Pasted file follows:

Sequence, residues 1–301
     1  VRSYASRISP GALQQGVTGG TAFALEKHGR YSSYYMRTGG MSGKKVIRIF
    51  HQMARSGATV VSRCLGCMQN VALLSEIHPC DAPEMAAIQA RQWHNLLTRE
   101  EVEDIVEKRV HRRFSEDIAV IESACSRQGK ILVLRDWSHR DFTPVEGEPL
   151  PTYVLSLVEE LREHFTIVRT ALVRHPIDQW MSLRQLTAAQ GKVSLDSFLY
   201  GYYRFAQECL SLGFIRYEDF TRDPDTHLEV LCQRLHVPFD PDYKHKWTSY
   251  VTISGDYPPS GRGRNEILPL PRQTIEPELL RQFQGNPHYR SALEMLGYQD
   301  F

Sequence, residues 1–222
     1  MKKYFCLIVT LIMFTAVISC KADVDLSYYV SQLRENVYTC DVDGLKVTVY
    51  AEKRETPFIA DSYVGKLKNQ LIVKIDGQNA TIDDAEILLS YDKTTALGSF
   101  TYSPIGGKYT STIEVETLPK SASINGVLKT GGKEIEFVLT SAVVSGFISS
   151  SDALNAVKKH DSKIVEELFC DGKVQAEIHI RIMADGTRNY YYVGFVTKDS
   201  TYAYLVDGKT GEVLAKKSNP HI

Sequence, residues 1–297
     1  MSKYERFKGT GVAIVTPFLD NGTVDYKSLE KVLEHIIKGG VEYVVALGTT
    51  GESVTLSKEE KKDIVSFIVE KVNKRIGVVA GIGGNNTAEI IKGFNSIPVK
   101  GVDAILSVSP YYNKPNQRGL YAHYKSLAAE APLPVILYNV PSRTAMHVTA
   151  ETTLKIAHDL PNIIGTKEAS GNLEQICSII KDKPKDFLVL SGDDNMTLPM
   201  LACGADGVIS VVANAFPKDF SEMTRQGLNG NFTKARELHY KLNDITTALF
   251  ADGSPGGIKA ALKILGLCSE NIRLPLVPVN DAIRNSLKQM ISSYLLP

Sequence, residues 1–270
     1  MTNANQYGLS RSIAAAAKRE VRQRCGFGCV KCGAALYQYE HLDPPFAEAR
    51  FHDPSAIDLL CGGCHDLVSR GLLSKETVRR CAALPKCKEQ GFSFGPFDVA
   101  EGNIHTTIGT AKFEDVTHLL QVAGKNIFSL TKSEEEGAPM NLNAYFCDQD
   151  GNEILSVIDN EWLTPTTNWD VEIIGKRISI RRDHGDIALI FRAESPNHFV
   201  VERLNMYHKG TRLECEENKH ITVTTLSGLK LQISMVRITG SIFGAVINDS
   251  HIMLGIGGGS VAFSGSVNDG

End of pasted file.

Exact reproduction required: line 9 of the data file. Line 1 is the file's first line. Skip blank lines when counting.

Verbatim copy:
Sequence, residues 1–222